Paris Fashion Week

09/mar/2017 05:15:27 davisyellow Contatta l'autore

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The avant-garde ideas you'll actually want to wear from Paris Fashion Week

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After four weeks of being inundated with endless new fashion collections, even the most ardent style watcher might start to wonder what the point of all these shows is. Political posturing has dominated this fashion show season, but in Paris the industry chatter turned in on itself – why are are we all here? To be inspired, challenged, provoked – or to simply work out which clothes women are going to want to actually wear next winter?

The wares on the autumn/winter catwalks are the frisson for most houses – the majority will not be put into production; the ones that will are produced in small quantities. The real money comes from what are known as “pre” collections – which arrive in store in December and June and are on sale for the longest period, therefore bringing in bigger quantities. These pieces are firmly practical and are things women will wear. But the show clothes – there to entice, inspire and in some cases jolt – are used as seductive fantasy marketing as well as an industry barometer of where designers think our clothes are going next.

In Paris, concepts and ideas are crucial – without the off-kilter there is nothing new, nothing different to think about or provoke discussion. But the key to success here is to combine the conceptual and the commercial: something that makes you pause, but also makes you mentally write off salary portions for the next six months.

Rei Kawakubo, the doyenne behind Comme des Garçons, puts on shows that delight and baffle in equal quantities. Her work from the past 35 years is to be the subject of this year’s exhibition at the Met in New York (opening May 4).

At the press launch on Monday, curator Andrew Bolton explained that the exhibition will highlight Kawakubo’s consistent challenging of aesthetic boundaries in an unceasing search for originality. Yet, for all the befuddlement, there is a commerciality to CDG. Kawakubo’s latest show might have featured models encased in bulbous, unforgiving structures but each wore a pair of Nike trainers from a collaboration with the house – a cult item in the making.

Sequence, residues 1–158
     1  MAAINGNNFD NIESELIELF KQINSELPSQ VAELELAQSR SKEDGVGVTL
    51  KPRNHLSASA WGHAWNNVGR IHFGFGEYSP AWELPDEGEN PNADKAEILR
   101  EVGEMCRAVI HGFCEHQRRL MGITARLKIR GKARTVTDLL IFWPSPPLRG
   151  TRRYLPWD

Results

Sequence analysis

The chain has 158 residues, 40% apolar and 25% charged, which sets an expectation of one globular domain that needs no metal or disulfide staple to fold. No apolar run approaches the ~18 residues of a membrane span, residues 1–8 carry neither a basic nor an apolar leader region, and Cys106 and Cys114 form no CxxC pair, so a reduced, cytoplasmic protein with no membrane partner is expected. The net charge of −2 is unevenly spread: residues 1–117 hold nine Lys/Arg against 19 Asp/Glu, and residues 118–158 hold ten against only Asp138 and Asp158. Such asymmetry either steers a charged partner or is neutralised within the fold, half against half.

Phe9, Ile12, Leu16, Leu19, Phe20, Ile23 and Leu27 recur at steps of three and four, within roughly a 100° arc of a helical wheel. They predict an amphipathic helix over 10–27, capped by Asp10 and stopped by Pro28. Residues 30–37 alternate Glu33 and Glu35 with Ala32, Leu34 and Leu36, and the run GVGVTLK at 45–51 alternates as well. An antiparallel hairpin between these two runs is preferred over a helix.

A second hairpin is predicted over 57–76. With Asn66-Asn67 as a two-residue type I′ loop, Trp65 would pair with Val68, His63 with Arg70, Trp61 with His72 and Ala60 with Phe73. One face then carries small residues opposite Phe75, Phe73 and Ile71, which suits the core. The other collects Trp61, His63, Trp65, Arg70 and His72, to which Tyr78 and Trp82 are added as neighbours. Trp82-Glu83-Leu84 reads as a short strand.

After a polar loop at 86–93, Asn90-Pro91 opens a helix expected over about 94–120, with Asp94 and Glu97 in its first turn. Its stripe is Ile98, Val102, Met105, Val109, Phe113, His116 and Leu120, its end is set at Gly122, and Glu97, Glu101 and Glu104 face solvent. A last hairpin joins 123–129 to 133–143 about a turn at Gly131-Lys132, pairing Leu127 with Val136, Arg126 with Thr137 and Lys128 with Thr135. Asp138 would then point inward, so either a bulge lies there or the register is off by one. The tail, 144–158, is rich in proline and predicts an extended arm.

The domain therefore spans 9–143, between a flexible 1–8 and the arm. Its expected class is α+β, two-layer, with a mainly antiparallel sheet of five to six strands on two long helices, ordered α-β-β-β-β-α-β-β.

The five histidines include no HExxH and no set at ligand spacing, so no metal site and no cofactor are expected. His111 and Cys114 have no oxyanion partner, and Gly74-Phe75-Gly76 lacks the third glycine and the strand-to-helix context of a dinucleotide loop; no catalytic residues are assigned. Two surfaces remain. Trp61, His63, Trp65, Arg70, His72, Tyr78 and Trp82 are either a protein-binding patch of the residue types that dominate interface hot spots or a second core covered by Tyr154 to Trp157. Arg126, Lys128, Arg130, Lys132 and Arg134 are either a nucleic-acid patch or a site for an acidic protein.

Demna Gvasalia’s Balenciaga is another arch example of when the conceptual brilliantly reconciles with the commercial: his extreme tailoring (giant, sloping shoulders, and then some) has resulted in an unequivocal re-evaluation of silhouette across the industry. His outsize cuts might be tricky, but he is the reason you will find a shoulder pad in your new jacket. His show addressed the awkward – coats hitched up and fastened on the shoulder – with easy wins: cocooning knitwear, plum-coloured sportif slacks and handbag handles encased in printed scarves.

At Céline, Phoebe Philo paired flowing trench coats with an arch look at suiting – sharp, prominent lapels countered with a slimmer cut trouser and wit. Giant black and emerald blankets were given the cosiest of slogans – “bangers and mash” and “beef stew”.

Meanwhile Sacai’s Chitose Abe is a go-to for clothes which have enough avant garde to delight, but equally the wearability to force that credit card from your wallet. Her tweed-jacket-meets-Millets-hiking-essential had a cool charm which will stand out but not confuse.

Equally, Jonathan Anderson’s Loewe continues to twist the creative knife. The bags are exceptional – a new version of the hit Puzzle comes in chic suede check and black, while polka dots were given a new light in lattice puckered dresses.

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